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4.4-31 Bailor Bailee Relationship

New March 5, 2010

If you find that a bailment was created, the defendant <name>, as the bailee, was required to use reasonable care under the circumstances to protect the plaintiff=s property. The plaintiff <name> claims that when (he/she/it) requested the return of the personal property, the defendant (failed to return it/returned it in a damaged condition).

The defendant does not deny that the <specify property> was delivered to (him/her/it) and that (he/she/it) (failed to return it/returned it in a damaged condition). However, (he/she/it) claims that <specify the basis of defendant=s explanation>. 

Once a bailment has been established and the bailee (failed to return the property/returned it in a damaged condition), there arises a presumption that the damage or loss was the result of the bailee=s lack of reasonable care, or negligence. 

The defendant then must prove the actual circumstances involved in the (loss/damage) to the plaintiff=s property, thereby rebutting the presumption of negligence. This proof must include what caused the (loss/damage), and what, if any, precautions were taken to prevent the (loss/damage). It is not enough to only show that the property was (damaged/lost) by <specify cause of loss or damage: fire, theft, etc.>. The defendant must also prove the circumstances leading up to the <specify cause of loss or damage: fire, theft, etc.>, including any precautions that were taken. If the defendant has not proved the actual circumstances of the (loss/damage) and not successfully rebutted the presumption of negligence by evidence of precautions taken, due care exercised or otherwise, then you must find that the defendant was negligent in failing to protect the plaintiff=s property.

If you find that the defendant used reasonable care to protect the plaintiff=s property, then you must find for the defendant. If you find that the defendant did not use reasonable care to protect the plaintiff=s property, and if the <specify cause> was the result of the defendant=s negligence, then you must find that the defendant is liable to the plaintiff for damages.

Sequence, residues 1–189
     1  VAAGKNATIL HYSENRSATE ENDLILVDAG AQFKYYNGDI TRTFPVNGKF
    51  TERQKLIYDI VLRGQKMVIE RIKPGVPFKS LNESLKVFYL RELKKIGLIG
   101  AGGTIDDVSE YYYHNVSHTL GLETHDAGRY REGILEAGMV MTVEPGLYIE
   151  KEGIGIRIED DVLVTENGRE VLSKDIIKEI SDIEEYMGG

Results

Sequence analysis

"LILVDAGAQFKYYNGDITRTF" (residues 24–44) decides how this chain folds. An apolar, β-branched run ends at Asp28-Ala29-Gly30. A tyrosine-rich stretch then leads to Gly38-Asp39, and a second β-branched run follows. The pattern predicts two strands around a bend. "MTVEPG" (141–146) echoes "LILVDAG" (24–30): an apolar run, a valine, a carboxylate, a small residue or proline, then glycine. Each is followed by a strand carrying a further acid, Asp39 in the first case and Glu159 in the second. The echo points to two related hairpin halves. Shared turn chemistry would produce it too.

Authority 

Griffin v. Nationwide Moving and Storage Co., Inc., 187 Conn. 405, 408-10 (1982); F&F Distributors, Inc. v. Baumert Sales Co., 164 Conn. 52, 53 (1972); Barnett Motor Transportation Co. v. Cummins Diesel Engines of Connecticut, Inc., 162 Conn. 59 (1971); National Broadcasting Co. v. Rose, 153 Conn. 219, 225 (1965); Murray v. Paramount Petroleum & Products, Inc., 101 Conn. 238, 242 (1924); Welch v. Boston & Albany R. Co., 41 Conn.333 (1874); Alvarado v. Giedraitis, 33 Conn. Sup. 758 (1976); In re Central Rubble Products, Inc., 31 B.R. 865 (D. Conn.1983); 8 Am. Jur. 2d, Bailments ' 213 (1977). 

Notes 

There appears to be no substantial difference in the bailee=s obligation not to be negligent when the bailment is gratuitous and not for hire. National Broadcasting Co. v. Rose, 153 Conn. 219, 224 (1965). 

The committee acknowledges that there are two possible interpretations under the case law regarding the burden of proof: (1) when the presumption is overcome, then the burden shifts to the plaintiff to prove negligence; or (2) if the presumption is overcome, then the defendant is not negligent. Judges may apply either interpretation and charge accordingly. These interpretations may be reconciled if the plaintiff has submitted evidence of the defendant=s negligence, independent of the presumption of negligence. In such a case the defendant may have to overcome that specific evidence as well in order to prevail.
 


 

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